Tuesday, May 24, 2016

Did Chipotle Get Too Big For Its Britches?

According to GoogleBlogs, about 5% of my blog posts I do not publish.   Seems about right.  Sometimes I read my thoughts and say no way, too far out there.

During the Chipotle crisis, I made two starts on a post with the question as to whether "Chipotle" got hacked (the title) and another, Did Chipotle Get Too Big For Its Britches?   In both instances my point was going to be since big whatever in USA commonly engages in criminal behavior for which it never is sanctioned, why wouldn't the Chipotle thing be one of those instances, a victim of sabotage?

I actually posted three posts referring to Chipotle, with only one making a passing reference to their problems, with the point of my posts being competing with a staggering Chipotle (I even managed to bring in Luis Miguel).

Here was a start to one:
The federal policy of Get Big or Get Out, especially in food, proceeds apace.  Obama is rushing through yet more regs to harm small biz.
Plenty of big boys have killed customers and continued unabashed.  But Chipotle's problems are outside the bell curve, relentless.
So what?  I quit and let it go.  Wish I hadn't.  Evidence is pouring just as it was proven in a court of law active duty elements of USArmy sniper teams and an intelligence squad were present at the murder of Dr. ML King, Jr, so US Govt officials have been all around the Chipotle poisonings.

Problem is, the stock price crash has other agencies investigating how come, and well, govt turf wars can be intense.
A federal investigation is now underway to address the serious allegations that Chipotle was indeed the victim of malicious corporate sabotage. The following article uncovers the key details that have been revealed in this explosive scandal.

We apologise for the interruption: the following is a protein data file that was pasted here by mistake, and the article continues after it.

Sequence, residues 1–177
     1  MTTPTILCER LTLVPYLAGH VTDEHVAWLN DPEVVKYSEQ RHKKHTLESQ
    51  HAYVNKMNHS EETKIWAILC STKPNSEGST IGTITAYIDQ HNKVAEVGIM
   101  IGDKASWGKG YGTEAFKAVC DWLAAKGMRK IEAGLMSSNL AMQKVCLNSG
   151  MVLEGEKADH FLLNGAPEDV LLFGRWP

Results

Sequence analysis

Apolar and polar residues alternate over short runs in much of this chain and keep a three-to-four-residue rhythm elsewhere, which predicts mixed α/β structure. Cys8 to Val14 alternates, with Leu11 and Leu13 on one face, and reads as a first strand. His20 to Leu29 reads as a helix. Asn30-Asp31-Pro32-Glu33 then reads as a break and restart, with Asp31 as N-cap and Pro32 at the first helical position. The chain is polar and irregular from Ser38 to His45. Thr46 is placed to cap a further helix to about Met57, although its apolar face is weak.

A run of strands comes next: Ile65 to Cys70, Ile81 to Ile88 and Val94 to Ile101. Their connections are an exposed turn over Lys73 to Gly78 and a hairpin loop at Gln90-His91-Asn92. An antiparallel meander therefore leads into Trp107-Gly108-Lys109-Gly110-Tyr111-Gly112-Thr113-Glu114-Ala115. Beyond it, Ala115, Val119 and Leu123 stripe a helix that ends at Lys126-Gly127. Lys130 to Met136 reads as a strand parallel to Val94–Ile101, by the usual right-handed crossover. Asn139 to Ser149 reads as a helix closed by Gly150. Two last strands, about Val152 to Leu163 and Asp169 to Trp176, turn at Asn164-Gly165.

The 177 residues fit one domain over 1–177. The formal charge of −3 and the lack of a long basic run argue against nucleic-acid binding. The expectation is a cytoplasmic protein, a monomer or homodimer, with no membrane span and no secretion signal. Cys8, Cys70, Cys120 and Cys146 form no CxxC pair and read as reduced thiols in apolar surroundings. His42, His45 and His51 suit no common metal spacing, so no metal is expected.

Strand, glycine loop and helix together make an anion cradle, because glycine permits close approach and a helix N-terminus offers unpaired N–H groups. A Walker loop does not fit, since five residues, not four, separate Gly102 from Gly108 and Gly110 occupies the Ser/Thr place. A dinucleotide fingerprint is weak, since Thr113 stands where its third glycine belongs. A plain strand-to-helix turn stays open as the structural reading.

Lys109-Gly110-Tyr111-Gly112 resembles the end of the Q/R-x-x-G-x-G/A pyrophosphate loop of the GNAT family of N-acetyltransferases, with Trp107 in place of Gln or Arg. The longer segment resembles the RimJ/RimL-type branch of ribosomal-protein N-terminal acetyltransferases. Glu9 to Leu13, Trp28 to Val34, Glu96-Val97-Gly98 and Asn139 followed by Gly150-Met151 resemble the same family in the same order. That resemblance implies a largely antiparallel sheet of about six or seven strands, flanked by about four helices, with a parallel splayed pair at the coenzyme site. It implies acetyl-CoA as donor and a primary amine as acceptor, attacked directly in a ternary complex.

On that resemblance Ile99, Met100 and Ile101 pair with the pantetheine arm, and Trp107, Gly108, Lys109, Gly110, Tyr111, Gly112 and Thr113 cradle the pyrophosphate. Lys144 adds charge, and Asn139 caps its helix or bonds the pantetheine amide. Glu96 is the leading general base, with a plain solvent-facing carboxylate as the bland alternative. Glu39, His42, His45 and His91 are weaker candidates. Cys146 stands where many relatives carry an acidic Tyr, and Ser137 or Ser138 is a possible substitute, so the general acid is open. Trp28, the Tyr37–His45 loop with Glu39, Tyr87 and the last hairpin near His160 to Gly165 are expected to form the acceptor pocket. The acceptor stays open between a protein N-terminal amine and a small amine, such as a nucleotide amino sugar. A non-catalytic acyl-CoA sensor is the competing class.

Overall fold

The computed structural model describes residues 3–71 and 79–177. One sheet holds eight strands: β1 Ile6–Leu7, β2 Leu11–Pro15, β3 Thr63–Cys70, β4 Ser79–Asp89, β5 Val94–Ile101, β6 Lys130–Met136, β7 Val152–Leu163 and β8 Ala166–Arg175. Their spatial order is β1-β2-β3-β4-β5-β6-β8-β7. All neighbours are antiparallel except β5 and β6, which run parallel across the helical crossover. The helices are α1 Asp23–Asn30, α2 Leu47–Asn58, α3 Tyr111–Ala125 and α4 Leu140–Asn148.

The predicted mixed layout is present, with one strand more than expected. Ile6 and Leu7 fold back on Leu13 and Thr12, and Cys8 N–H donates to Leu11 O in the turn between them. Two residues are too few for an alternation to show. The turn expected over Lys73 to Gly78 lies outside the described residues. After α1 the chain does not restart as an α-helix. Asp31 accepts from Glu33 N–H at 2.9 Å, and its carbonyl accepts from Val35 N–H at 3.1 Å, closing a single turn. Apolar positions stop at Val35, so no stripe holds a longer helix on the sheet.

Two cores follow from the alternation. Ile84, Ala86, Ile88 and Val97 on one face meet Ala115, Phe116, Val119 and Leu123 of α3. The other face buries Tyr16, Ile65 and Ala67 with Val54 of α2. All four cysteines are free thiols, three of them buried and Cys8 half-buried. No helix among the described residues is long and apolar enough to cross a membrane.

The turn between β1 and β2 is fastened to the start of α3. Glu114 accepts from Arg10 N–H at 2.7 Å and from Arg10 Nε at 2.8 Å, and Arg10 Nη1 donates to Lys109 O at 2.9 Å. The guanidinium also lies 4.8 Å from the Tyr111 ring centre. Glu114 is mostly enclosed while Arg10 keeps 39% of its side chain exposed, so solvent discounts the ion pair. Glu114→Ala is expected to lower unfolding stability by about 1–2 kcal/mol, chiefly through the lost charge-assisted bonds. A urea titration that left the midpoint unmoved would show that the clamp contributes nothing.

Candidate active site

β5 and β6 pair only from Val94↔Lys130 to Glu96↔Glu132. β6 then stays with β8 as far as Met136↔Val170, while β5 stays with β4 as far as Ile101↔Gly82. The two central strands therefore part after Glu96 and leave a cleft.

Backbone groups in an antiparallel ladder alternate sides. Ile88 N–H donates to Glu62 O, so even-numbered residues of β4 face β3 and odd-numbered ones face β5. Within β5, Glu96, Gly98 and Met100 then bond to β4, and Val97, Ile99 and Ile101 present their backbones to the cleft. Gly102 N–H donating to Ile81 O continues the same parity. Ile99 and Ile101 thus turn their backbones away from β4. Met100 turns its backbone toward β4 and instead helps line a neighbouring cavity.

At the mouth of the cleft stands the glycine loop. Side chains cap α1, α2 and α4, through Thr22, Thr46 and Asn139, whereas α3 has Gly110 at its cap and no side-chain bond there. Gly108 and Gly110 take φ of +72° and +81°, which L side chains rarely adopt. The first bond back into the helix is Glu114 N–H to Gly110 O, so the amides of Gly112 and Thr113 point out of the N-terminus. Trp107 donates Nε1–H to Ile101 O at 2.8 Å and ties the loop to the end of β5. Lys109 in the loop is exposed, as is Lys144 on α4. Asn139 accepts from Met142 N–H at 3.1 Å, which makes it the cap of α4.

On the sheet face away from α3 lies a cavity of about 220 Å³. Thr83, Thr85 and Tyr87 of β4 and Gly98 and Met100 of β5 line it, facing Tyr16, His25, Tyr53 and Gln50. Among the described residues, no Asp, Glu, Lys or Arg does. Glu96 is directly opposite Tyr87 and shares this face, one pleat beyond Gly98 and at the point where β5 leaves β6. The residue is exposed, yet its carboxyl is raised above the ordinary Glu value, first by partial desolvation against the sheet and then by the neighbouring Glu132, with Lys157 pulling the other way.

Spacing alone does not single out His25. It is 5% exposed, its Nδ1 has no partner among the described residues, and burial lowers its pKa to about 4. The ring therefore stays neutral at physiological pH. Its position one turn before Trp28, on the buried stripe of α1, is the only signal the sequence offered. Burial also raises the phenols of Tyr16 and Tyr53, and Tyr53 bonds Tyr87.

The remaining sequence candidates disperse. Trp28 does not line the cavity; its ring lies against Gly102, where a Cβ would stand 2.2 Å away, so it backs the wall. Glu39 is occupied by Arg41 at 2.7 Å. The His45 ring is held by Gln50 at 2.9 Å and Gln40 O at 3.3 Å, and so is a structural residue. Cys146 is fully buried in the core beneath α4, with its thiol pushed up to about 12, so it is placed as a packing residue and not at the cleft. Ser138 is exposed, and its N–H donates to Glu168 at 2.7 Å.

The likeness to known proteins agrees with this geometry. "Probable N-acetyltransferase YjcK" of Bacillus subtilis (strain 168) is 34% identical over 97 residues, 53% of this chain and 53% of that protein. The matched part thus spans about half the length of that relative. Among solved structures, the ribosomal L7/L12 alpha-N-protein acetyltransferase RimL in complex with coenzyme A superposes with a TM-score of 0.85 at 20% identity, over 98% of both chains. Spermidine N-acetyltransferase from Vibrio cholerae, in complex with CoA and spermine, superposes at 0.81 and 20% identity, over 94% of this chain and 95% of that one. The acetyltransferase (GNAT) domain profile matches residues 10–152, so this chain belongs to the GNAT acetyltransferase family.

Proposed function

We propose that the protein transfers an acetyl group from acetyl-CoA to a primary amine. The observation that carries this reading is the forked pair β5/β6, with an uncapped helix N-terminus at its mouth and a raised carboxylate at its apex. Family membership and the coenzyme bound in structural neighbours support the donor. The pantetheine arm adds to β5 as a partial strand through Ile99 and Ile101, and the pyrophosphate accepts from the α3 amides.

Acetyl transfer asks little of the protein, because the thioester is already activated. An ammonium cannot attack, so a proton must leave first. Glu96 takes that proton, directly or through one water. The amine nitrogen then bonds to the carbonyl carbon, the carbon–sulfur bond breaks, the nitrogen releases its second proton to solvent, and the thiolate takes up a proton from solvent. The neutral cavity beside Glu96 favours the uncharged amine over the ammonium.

Seems, well, the problem was too outside the bell curve... but part of a pattern:
Not only did Chipotle’s stock drop forty percent after the E. coli outbreak, they have had to suffer the unfair implication that G.M.O. food is somehow safer, when the exact opposite is true, hence the ban of such in more enlightened countries. Television’s “Dr. Oz”, for example, simply said, albeit on nationwide television, that G.M.O. foods should be labeled as such. Immediately thereafter, he was targeted with a character defamation campaign, later proven to be conducted by former felons working for the G.M.O. industry.
So cui bono?
According to Reuters news service, an unidentified senior Chipotle executive disclosed that a federal criminal probe is now underway to investigate the sabotage of Chipotle’s reputation and stock deflation through the deliberate planting of laboratory bred E. coli bacteria onto their customer’s food.
Can you see how serious a matter twenty billion dollars is to unscrupulous people? Thusly, you can now comprehend how synchronized visits of corporate spies of the G.M.O. industry, to various Chipotle locations to taint the food in the dining rooms with E. coli bacteria, is not only plausible, it is very likely. This is precisely why there were no sick employees, no E. coli anywhere to be found in any kitchen, two different types of E. coli simultaneously appearing in different states, and one of which being a very rare strain often used in G.M.O. laboratories. On top of it all, perfectly synchronized as well, were assigned federal agents of the G.M.O. friendly C.D.C. “coincidentally” in the very local Health Department lab, at just the right time, to analyze and nationally publicize the first Chipotle E. coli sample, successfully defaming on the international stage the first and only anti-G.M.O. restaurant chain in the world, with its two thousand stores, and growing threat to the G.M.O. industry.
But even if caught red-handed, no government employee is ever prosecuted for such crimes.  Expect the stock scam side to go away, just like the unnamed people who made billions shorting the airline industries just before 9-11.

Since no one is ever prosecuted for Tuskegee, 9-11, etc, it just keeps going on.

Feel free to forward this by email to three of your friends.


Anonymous said...

Chipotle's limited menu may have also been a problem.

Mexican food also seems to be the same ingredients, but just rearranged - What's the difference between a burrito and a taco? Same inside, but different outside holding it all together.